In defense of social media and the internet: correcting fake news

October 01, 2018

NOT A SINGLE BRITISH PUBLICATION AGREED TO LET READERS KNOW THEY HAD BEEN LIED TO

“In those pre-social media, pre-blogging days, there were very few means of correcting the misreporting of the supposedly reliable mainstream media.”

I attach a piece I wrote that ran alongside an article by a former Harvard fellow who argues that the Internet and social media are a dangerous space for news, and we should rely solely on the traditional mainstream news media. I argue that in some circumstances, for example, where Israel is concerned, it isn’t always that simple.

 

WHEN IT COMES TO ISRAEL, THE INTERNET CAN CORRECT FAKE NEWS, NOT JUST SPREAD IT

Social media can correct as well as deceive
By Tom Gross
Jewish Chronicle (London)
September 28, 2018

https://www.thejc.com/comment/analysis/gaza-social-media-fake-news-israel-1.470409

It is fashionable to claim that the internet is a purveyor and spreader of fake news. This may be true in certain respects, but when it comes to Israel, I would argue the opposite is often the case.

Take one small example from April 2002, before Facebook, Twitter and YouTube had been invented, and the term blog was barely known.

That month, almost every British news outlet repeated the same lie, day after day, about events in the West Bank town of Jenin – and it was all but impossible for audiences to know the truth.

The Daily Telegraph reported the IDF had “stripped [the Palestinians] to their underwear, they were searched, bound hand and foot, placed against a wall and killed with single shots to the head.”

The Evening Standard spoke of Israel’s “staggering brutality and callous murder.” “We are talking here of massacre, and a cover-up, of genocide,” wrote a columnist for the paper.

Janine di Giovanni of the Times wrote: “Rarely in more than a decade of war reporting from Bosnia, Chechnya, Sierra Leone, Kosovo, have I seen such deliberate destruction, such disrespect for human life.”

ON THE CLAIMS OF A SINGLE INDIVIDUAL

These reports seem to have been based on the claims of a single individual: “Kamal Anis, a labourer” (The Times), “Kamal Anis, 28” (The Daily Telegraph), “A quiet, sad-looking young man called Kamal Anis” (The Independent).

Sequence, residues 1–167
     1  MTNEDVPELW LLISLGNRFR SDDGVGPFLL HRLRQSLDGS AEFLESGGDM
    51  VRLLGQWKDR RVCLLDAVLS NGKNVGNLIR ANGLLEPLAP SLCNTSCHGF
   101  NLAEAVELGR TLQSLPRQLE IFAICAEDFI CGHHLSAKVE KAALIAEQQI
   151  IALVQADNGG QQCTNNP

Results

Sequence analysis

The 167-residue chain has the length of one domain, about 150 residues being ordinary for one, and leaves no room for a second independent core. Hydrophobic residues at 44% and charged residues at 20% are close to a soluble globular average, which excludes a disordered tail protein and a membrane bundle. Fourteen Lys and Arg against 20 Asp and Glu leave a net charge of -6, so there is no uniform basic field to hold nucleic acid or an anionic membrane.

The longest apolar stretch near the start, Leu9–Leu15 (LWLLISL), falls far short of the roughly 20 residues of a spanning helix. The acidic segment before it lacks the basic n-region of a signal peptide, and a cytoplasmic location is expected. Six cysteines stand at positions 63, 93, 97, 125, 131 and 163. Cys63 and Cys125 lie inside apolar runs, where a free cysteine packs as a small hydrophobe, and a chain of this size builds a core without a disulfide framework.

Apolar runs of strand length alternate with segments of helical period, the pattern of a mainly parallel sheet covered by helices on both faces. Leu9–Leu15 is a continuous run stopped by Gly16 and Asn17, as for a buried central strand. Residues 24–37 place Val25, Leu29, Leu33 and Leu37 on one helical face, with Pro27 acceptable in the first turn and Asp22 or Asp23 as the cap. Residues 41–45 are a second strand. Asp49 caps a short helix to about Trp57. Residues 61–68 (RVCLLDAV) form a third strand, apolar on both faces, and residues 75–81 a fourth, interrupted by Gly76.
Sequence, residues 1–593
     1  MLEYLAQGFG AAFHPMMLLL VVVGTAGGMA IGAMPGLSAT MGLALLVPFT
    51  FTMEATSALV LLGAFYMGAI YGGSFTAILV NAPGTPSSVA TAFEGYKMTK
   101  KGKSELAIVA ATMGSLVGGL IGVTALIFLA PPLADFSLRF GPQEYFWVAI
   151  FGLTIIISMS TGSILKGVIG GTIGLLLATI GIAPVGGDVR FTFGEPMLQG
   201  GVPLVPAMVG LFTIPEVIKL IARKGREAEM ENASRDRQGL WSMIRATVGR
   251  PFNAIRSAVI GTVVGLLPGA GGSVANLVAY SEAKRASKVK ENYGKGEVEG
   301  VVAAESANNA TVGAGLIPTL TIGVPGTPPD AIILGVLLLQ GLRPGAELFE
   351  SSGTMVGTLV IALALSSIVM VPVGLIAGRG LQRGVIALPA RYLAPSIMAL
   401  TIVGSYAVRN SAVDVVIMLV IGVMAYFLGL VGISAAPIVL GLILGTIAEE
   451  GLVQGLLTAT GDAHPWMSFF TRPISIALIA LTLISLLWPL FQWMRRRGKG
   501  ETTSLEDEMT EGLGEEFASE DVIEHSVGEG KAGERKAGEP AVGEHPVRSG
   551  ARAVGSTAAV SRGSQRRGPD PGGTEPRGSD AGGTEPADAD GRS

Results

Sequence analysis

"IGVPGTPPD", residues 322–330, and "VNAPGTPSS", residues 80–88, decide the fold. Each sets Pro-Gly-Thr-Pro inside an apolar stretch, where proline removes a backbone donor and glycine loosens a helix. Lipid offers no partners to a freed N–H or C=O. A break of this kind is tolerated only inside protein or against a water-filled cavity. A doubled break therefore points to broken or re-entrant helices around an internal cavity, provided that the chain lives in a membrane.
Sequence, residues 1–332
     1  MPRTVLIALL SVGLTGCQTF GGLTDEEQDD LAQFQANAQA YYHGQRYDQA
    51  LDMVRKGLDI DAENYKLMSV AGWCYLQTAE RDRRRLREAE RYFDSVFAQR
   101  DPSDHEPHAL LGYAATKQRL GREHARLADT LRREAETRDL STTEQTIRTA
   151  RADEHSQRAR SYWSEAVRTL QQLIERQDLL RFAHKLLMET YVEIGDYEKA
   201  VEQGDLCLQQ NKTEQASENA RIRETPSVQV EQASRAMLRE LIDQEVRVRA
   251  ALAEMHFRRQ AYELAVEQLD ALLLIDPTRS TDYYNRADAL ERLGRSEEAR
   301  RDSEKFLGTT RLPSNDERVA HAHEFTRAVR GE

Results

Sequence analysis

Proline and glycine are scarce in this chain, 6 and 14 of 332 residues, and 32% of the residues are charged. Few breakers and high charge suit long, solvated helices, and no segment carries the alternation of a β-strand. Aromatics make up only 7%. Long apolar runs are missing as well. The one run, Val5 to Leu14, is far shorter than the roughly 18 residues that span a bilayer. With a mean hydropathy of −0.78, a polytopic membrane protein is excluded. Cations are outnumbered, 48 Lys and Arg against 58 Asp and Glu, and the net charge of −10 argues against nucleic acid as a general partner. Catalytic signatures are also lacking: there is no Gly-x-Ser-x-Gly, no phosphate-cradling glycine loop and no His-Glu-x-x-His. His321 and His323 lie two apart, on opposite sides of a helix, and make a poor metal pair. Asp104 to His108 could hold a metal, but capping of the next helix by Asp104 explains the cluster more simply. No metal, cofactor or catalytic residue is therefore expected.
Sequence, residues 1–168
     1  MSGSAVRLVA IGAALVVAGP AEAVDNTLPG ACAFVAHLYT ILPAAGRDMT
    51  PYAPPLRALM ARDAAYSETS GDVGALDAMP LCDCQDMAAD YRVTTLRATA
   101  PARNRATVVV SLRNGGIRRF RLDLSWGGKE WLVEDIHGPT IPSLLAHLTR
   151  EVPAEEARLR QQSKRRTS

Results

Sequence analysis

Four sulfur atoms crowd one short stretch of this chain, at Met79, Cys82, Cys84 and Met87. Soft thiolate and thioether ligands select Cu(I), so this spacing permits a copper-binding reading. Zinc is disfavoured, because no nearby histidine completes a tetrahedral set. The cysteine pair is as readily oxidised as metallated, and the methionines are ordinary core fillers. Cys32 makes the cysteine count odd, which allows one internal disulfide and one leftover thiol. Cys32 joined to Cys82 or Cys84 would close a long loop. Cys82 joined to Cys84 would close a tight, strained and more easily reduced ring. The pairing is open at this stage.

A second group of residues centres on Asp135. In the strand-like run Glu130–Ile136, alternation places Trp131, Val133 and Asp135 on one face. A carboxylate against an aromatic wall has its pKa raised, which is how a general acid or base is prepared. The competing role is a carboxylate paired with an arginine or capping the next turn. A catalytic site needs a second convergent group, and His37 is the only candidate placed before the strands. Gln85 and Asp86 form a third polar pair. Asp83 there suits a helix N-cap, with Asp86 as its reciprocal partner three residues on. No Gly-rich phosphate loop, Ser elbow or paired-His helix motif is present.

The Independent reported: “Kamal Anis saw the Israeli soldiers pile 30 bodies beneath a half-wrecked house. When the pile was complete, they bulldozed the building, bringing its ruins down on the corpses. Then they flattened the area with a tank.”

The Times wrote: “Kamal Anis says the Israelis levelled the place; he saw them pile bodies into a mass grave, dump earth on top, then ran over it to flatten it.”

The Western media claimed 500 Palestinian civilians had been killed, mostly in mass graves.

None of this was true. You only had to read Palestinian reports, as I did, to realize this.

A “GREAT VICTORY AGAINST THE JEWS”

Later, Human Rights Watch reluctantly acknowledged that Israel had been telling the truth: 52 Palestinians (mostly gunmen) and 23 Israeli soldiers had died in door-to-door combat. The Israelis were trying to close down suicide bomb making factories. The Palestinian media termed the fighting a “great victory against the Jews”.

There were no people lined up against walls and shot, and no mass graves. Palestinian hospital sources in Jenin also put the total number of dead at 52.

I wrote an article (Jeningrad: What the British media said) pointing this out. Yet not a single British publication agreed to publish it, and it was left to an American magazine, the National Review, to run the piece – not a publication that would enable most British readers to find out they had been lied to.

Years later Alan Rusbridger, then editor of The Guardian, apologized for some of the paper’s Jenin coverage.

But in those pre-social media, pre-blogging days, there were very few means of correcting the misreporting of the supposedly reliable mainstream media.

FAST FORWARD TO 2018

Fast forward to May 2018, when the media again rushed to claim Israel was massacring Palestinians civilians, this time on the Gaza border.

Yet, as was the case with Jenin, some Palestinians officials acknowledged the truth: Hamas and Islamic Jihad said the vast majority of the dead were its operatives, naming them. Gaza doctors said that the only baby that had died was not killed by Israel, as the media claimed, but had passed away from a pre-existing medical condition.

This time, social media was awash with reports and links to Hamas’ website, enough to force much of the mainstream media (including the BBC, though not Jeremy Corbyn) into quickly re-adjusting their reports.

CONSIDER THE HOLOCAUST

While it is distressing that social media often allows extremist and abusive views to be aired, including anti-Semitic ones, it also serves as a necessary corrective to much traditional reporting.

Consider The Holocaust. Had papers such as the New York Times (then the most important news outlet in the world) not deliberately minimized news of the death camps, had they been cajoled into reporting on them properly by social media, FDR may have been forced to intervene and bomb the railway lines to Auschwitz, saving hundreds of thousands of lives.

(Tom Gross is a former Jerusalem correspondent for the Sunday Telegraph)

 

Traditional media wrongly accused Israel of murdering a baby in Gaza in May 2018 whereas social media revealed that Palestinian doctors said the baby had died naturally of a pre-existing condition.

 

* You can also find other items that are not in these dispatches if you “like” this page on Facebook www.facebook.com/TomGrossMedia

All notes and summaries copyright © Tom Gross. All rights reserved.